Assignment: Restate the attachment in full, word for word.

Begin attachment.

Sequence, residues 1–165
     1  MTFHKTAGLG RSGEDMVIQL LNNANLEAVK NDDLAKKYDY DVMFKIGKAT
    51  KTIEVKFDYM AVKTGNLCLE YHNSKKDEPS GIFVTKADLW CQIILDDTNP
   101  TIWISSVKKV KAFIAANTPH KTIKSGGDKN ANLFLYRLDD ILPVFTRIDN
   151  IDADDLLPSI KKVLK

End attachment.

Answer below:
Sequence, residues 1–165
     1  MTFHKTAGLG RSGEDMVIQL LNNANLEAVK NDDLAKKYDY DVMFKIGKAT
    51  KTIEVKFDYM AVKTGNLCLE YHNSKKDEPS GIFVTKADLW CQIILDDTNP
   101  TIWISSVKKV KAFIAANTPH KTIKSGGDKN ANLFLYRLDD ILPVFTRIDN
   151  IDADDLLPSI KKVLK